Median Lethal Dose
In toxicology, the median lethal dose, LD50 (abbreviation for “Lethal Dose, 50%”), LC50 (Lethal Concentration, 50%) or LCt50 (Lethal Concentration & Time) of a toxic substance or radiation is the dose required to kill half the members of a tested population after a specified test duration. LD50 figures are frequently used as a general indicator of a substance's acute toxicity. The test was created by J.W. Trevan in 1927. It is being phased out in some jurisdictions in favor of tests such as the Fixed Dose Procedure; however the concept, and calculation of the median lethal dose for comparison purposes, is still widely used.
As a measure of toxicity, LD50 is somewhat unreliable and results may vary greatly between testing facilities due to factors such as the genetic characteristics of the sample population, animal species tested, environmental factors and mode of administration. Another weakness is that it measures acute toxicity only (as opposed to chronic toxicity at lower doses), and does not take into account toxic effects that do not result in death but are nonetheless serious (e.g. brain damage). There can be wide variability between species as well; what is relatively safe for rats may very well be extremely toxic for humans, and vice versa. In other words, a relatively high LD50 does not necessarily mean a substance is harmless, since its relative harmfulness depends on its usual dose, but a very low one is always a cause for concern.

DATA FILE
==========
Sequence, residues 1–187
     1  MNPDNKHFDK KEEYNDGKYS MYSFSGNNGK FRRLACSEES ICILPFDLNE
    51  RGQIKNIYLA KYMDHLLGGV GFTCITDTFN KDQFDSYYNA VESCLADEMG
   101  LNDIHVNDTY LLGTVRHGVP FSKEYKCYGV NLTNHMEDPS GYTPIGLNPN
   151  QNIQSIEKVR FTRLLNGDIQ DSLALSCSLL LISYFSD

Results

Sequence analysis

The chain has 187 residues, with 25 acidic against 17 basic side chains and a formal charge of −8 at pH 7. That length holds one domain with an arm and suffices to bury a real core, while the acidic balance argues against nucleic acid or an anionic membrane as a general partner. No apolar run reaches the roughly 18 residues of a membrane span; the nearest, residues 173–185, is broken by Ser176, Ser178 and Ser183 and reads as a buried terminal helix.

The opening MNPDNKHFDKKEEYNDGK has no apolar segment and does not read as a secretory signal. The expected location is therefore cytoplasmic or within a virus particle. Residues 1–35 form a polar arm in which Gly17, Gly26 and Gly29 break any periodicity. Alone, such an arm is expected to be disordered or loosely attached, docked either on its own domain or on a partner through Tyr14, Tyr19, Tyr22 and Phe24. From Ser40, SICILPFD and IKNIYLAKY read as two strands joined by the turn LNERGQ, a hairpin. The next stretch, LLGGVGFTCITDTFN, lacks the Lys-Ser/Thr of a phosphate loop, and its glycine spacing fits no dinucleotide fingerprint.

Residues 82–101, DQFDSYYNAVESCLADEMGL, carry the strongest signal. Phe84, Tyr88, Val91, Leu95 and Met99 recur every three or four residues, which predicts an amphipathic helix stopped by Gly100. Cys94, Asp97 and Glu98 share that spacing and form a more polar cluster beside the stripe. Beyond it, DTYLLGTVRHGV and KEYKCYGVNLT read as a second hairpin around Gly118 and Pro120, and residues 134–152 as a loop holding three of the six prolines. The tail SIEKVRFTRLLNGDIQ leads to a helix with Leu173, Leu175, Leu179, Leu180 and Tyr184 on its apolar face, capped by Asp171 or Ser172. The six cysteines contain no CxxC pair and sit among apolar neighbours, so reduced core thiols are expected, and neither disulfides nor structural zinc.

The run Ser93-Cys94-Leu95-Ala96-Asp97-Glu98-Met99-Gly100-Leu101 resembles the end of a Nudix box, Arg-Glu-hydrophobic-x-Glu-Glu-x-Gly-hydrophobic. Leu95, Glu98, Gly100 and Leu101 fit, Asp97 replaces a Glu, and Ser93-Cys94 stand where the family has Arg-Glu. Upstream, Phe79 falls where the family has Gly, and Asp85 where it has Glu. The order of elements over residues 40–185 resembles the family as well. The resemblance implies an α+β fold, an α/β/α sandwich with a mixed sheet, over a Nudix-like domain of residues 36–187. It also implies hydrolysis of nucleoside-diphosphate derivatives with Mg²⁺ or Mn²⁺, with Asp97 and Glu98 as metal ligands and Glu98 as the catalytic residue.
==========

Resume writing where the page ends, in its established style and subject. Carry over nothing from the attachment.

Animal-rights and animal-welfare groups, such as Animal Rights International, have campaigned against LD50 testing on animals in particular as, in the case of some substances, causing the animals to die slow, painful deaths. Several countries, including the UK, have taken steps to ban the oral LD50, and the Organization for Economic Co-operation and Development (OECD) abolished the requirement for the oral test in 2001 (see Test Guideline 401, Trends in Pharmacological Sciences Vol 22, February 22, 2001).
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